Follow a few softball batting tips to improve your game. Softball batting can be affected by a number of factors, such as grip, bat speed, stance, hip movement and swing. Even the kind of bat that is used (either aluminum or wood) affects the swing's outcome. Contrary to what many believe, good softball batting is not a natural talent. With proper technique and training, anyone with any decent ability can find success in softball batting.
Find the Right Bat
Choosing the right softball bat is an important first step. When it comes to softball batting tips, bigger is not always better. A big bat does not always equal more hits. According to softball batting coach Marc Dagenais of SoftballPerformance.com, a heavy bat causes the muscles to tense more, which makes them move slower during a swing. A lighter bat means better bat speed, so the softball travels farther. He also suggests swinging an even lighter bat on the on-deck circle, not a heavier bat, to loosen the muscles and create a faster swing. Softball batting coach Wendell Kim suggests holding the softball bat at the base of the fingers, not the palms of the hands. The knuckles of both hands should be nearly aligned.
While most softball teams still use aluminum bats, the use of wood softball bats has risen in popularity. According to the Phoenix Bat Co., using wood softball bats, even for softball batting practice, can help develop a proper batting technique. Aluminum bats don't give the batter much of a feel when the softball is hit. Batters using wood bats can feel the impact more easily, and the wood is a more natural extension of the arms. This helps batters develop a better sense for the sweet spot, as well as stronger wrists and a better eye.
Batting Tips to Get That Arm in Shape
At the plate, picking up the pitch is imperative. According to Dagenais, softball batting involves using "hard focus" and "soft focus." Instead of guessing the ball's release point, you should focus on the pitcher as a whole. Once the pitcher begins the pitching motion, narrow the focus to the arm and pick up the ball. By shifting from a soft, overall focus to a narrow, hard focus, a good batter can train the eyes to zero in on the ball better, making it easier to judge pitches.
When contact is made, the speed of the bat slows down because the impact with the ball hurts. This happens in both baseball and softball, with both aluminum and wood bats. Dagenais suggests several batting tips and exercises to improve strength in the wrists and forearms that will give you more speed and power in your follow-through, giving you more hits.
In the first exercise, called the "Hammer," batters hold the softball bat upright in one hand with the arm straight out. The batter then lowers the bat by bending the wrist in a hammering motion. This builds strength in the forearms and wrists. If the softball bat is too heavy at first, the batter should choke up a little on the handle and do 10-20 repetitions at a time.
The second batting tip is an exercise, called the "Windshield Wiper," is much like the first exercise; however, you move the softball bat left and right with one arm, like a windshield wiper. This strengthens the wrists and improves the torque on your swing. You can modify these two exercises by using both arms instead of one.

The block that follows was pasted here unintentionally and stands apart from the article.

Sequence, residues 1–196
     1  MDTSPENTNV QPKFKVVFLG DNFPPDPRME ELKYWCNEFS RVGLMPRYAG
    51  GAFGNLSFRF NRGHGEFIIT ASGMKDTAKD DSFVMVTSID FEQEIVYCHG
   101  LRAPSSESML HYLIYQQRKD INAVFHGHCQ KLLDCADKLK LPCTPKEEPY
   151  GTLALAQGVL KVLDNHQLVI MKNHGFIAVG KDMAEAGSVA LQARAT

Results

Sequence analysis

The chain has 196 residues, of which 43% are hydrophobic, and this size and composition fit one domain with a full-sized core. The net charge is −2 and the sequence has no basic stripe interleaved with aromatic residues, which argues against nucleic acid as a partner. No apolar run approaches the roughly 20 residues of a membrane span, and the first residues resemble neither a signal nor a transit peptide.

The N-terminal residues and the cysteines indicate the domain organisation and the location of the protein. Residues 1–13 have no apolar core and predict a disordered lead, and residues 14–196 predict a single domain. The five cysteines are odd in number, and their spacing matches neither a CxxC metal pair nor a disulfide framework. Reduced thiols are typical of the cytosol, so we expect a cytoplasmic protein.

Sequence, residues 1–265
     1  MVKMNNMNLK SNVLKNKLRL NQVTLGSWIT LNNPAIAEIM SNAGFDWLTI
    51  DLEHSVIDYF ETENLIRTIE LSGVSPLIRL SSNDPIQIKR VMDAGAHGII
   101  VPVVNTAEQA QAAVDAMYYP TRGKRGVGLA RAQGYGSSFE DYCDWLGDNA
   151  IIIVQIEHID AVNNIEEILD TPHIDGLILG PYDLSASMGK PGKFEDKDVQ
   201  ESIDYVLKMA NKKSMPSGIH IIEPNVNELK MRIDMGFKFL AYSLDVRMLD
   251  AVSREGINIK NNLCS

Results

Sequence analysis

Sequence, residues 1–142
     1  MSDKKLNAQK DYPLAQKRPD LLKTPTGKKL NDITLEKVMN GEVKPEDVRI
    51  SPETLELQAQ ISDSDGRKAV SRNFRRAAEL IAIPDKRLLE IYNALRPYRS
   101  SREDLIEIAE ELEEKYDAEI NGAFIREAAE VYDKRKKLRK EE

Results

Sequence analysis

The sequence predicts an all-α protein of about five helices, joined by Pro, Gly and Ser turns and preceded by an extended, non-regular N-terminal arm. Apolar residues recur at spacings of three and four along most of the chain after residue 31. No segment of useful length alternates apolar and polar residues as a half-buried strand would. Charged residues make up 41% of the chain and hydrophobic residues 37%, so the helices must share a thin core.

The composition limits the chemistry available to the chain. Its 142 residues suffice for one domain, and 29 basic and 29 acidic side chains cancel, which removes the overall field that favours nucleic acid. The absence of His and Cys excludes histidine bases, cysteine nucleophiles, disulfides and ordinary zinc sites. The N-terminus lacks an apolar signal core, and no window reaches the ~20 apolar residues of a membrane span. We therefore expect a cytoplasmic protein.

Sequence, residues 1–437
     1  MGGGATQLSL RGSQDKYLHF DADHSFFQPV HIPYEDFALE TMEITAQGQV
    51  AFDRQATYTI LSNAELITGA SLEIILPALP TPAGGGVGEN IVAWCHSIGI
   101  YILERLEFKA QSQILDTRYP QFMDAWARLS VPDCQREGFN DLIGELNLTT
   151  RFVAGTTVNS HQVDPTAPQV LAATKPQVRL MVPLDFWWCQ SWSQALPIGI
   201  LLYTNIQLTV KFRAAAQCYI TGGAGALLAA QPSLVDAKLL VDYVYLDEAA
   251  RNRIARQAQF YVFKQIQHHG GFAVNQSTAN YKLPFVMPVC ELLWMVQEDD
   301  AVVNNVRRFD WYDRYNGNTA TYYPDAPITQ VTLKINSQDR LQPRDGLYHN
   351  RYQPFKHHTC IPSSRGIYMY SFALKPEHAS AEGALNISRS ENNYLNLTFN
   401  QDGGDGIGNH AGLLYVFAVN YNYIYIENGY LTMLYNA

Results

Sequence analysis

Batting speed is important to develop because as speed declines, so does the number of quality at-bats. Hitting the softball with good speed and power will put the ball into play and increase chances of a hit or an error by a fielder. Hits off of aluminum bats are faster and harder, but with proper mechanics, wood softball bats can deliver similar results.
More Torque Equals More Hits
Jack Mankin at BatSpeed.com has researched the mechanics of softball batting and believes successful batting employs rotational mechanics, in which the bat turns during a swing. This is different from linear mechanics, which encourages a straighter softball bat swing with more emphasis on weight transfer, power and follow-through.
Mankin has documented the importance of torque for softball batting speed. As the lead arm brings the bat through the strike zone, the back hand pushes forward, causing the bat to rotate. The right amount of torque will actually increase the speed of the softball bat when contact is made. With enough torque and bat speed, the softball travels farther. The result: Some swings tend to have more "pop" than others. When even the best players have a softball batting slump, it is usually due to improper mechanics that change the effect of torque and bat speed.
Mankin actually has scientific support to back up his theory. In 1991, Harvey Leff, chair of the physics department at California State Polytechnic University-Pomona, studied Mankin's research and found that his study is scientifically sound.
Like Dagenais, Mankin also believes in the importance of bat speed in softball batting. However, Mankin's batting tips specify that it is important to hit your maximum bat speed at the point of ball contact, or as close to it as possible. While some may argue it can come in the follow-through, Mankin says his research does not support this.
The DeMarini School of Softball Batting
The late Ray DeMarini, a softball batting legend who created a number of modern softball bats and instructional videos, had several softball batting tips for increasing one's speed:
No matter who the batting coach is, or if aluminum or wood softball bats are used, most experts tend to agree that the right bat and a sound swing are the two most important batting tips to successful softball batting.
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